The Lafayette Theater, a theater on 132nd Street and 7th Avenue that was in existence from 1912 to 1951, was also in the district but was demolished in 2013.

Beulah Baptist Church in Central Harlem. Madina Toure/Observer

Goldman said that during his time in Harlem, he has seen it “go through a lot,” referring to the crack epidemic and noting that there was no sense of community “unless you were in the drug community.”

“When I came in ’84, I came in as a super working for the city, and as time went on, I saw Harlem drop low again, and then back in then ’90s or so, you couldn’t tell that Harlem was a place where all these great people lived like Joplin,” he recalled, also referring to efforts to rename Harlem south of 125th Street “SoHa.” “You couldn’t tell. You were thinking Harlem was a place to be condemned, and it got to me whenever I found out that they wanted to rename Harlem. I’m like, ‘Whoa, how are they gonna rename Harlem?'”

He says he’s happy to see how far the neighborhood has come.

“It’s an inspiration to me to see Harlem actually come up and not be that place that it was when I got here,” Goldman continued.

Pedro Beaufort, 48, who has been working as a super in the area since 2012, said that a lot of young African-Americans don’t have a “sense of pride or history.” He said designating the area will help highlight the neighborhood’s history, but that steps have to be taken to inform the community about it.

“In my opinion, it’s very good, but if you don’t have the word spreading around saying that it is a historic district, the young generation—they don’t know, they don’t care, they don’t wanna know,” Beaufort told Observer.

And he said the community itself needs to make more of an effort to preserve its landmarks, culture and history.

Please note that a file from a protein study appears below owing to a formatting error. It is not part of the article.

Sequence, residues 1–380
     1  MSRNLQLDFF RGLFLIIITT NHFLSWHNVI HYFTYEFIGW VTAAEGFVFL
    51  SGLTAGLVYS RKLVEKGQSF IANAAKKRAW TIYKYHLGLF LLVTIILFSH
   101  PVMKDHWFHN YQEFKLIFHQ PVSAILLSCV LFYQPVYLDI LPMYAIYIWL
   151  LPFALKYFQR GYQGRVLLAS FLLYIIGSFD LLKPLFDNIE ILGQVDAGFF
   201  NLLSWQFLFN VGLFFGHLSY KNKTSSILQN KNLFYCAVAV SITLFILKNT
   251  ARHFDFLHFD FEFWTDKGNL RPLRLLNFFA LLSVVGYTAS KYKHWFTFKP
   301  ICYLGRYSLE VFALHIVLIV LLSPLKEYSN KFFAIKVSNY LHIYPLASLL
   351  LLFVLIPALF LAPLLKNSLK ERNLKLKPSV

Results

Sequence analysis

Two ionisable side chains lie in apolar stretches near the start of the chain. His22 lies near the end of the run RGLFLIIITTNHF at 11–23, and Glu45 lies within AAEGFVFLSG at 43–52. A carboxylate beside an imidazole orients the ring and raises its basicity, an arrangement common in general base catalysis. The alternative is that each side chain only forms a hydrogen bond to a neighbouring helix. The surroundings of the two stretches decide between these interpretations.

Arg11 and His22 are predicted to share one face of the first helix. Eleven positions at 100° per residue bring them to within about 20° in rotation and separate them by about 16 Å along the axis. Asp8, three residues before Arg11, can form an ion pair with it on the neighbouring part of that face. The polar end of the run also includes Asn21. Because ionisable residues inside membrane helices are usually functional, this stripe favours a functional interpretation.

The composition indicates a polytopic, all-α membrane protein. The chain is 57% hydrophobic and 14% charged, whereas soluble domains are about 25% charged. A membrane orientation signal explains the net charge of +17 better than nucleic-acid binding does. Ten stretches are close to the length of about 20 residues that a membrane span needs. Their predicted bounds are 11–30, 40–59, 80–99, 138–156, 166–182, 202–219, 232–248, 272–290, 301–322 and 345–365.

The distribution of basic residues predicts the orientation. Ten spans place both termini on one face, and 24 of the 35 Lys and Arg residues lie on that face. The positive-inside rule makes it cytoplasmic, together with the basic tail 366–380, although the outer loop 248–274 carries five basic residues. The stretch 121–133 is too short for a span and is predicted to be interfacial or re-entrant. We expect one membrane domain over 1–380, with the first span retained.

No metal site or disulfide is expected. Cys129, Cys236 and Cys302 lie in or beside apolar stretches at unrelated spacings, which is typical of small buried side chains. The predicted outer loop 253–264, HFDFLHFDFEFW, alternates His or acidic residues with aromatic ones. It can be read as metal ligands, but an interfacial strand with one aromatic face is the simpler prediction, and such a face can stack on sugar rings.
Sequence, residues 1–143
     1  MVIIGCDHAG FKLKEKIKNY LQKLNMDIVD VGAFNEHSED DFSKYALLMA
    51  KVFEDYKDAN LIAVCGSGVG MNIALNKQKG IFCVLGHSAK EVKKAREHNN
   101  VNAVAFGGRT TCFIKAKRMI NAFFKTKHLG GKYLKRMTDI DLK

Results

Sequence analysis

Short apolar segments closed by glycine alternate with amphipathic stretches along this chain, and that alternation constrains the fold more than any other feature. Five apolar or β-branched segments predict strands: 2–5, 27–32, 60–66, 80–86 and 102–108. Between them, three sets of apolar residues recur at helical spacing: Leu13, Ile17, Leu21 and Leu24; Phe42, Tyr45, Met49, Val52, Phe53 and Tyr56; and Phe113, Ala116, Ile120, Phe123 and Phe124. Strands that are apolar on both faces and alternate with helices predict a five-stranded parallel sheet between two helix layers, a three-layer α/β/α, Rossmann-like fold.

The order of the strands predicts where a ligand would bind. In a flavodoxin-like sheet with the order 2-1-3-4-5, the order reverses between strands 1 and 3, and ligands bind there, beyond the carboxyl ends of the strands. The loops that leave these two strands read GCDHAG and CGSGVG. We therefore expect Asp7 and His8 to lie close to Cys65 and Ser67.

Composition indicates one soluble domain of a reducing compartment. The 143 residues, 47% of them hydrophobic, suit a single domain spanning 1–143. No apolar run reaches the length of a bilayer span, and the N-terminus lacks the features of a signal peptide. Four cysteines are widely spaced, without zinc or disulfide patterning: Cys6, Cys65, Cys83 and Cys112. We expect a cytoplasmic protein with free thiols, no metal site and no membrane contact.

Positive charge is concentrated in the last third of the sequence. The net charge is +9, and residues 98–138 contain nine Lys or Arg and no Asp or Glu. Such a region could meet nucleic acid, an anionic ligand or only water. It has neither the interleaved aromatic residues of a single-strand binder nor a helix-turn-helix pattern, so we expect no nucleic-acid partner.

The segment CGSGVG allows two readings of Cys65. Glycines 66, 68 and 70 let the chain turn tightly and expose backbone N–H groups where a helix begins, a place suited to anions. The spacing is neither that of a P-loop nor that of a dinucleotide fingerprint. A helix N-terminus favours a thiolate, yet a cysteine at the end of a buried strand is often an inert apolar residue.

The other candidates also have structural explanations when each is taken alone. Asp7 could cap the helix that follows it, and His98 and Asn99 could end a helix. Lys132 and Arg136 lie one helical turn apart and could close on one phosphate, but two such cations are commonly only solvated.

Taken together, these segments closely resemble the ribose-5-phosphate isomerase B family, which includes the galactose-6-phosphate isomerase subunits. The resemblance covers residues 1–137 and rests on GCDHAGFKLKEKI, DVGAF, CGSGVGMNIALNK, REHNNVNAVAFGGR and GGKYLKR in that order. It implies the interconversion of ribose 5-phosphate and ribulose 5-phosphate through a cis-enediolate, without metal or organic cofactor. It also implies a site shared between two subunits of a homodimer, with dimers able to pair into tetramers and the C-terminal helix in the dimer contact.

“Let’s not just wait for the city or the state or the government to do it,” Beaufort continued. “We can do it ourselves by helping clean up the sidewalks, washing down the steps, things like that. Make sure there’s no graffiti. Let the younger generation know who don’t have a sense of pride, ‘Don’t write on this building because this is a historic landmark.'”

Papa Charm, 57, who has been living in the district for 20 years, told Observer he thinks the new designation is a “good” idea, warning about gentrification and efforts to push African-Americans out of the neighborhood.

“They wanna get them out of this area,” Charm said. “That’s what they’re trying to do, get black people out of this area. This area is supposed to remain as it is.”

Lloyd Williams, president of the 100 West 131st Street Block Association, said his association is “pleased to be a focal point” of the new district.

“The expanding preservation of Harlem’s glorious contextual history is important to Harlem’s and New York City’s future,” Williams said in a statement. “It is important that the past is prologue, and we thank the Landmarks Preservation Commission’s efforts to do so.”

Save Harlem Now!, a membership not-for-profit advocacy organization that fought for the designation, was similarly enthusiastic about the move and expressed hope that more landmarks in Harlem will received historic status.

In addition to the new Central Harlem historic district, there are nine historic districts in Harlem, including the Hamilton Heights/Sugar Hill History District and the Mount Morris Park Historic District.

“Save Harlem Now! is pleased that our collaboration with LPC has led to the designation of a new historic district in Harlem,” Valerie Jo Bradley, Save Harlem Now!’s president, said in a statement. “We look forward to continuing to work with the commission and our local partners to designate even more landmarks that are being proposed throughout Harlem.”

If you want to check out the new historic district, you can visit an interactive map created by the LPC here.

NYC Honors African-American Community in Central Harlem With New Historic District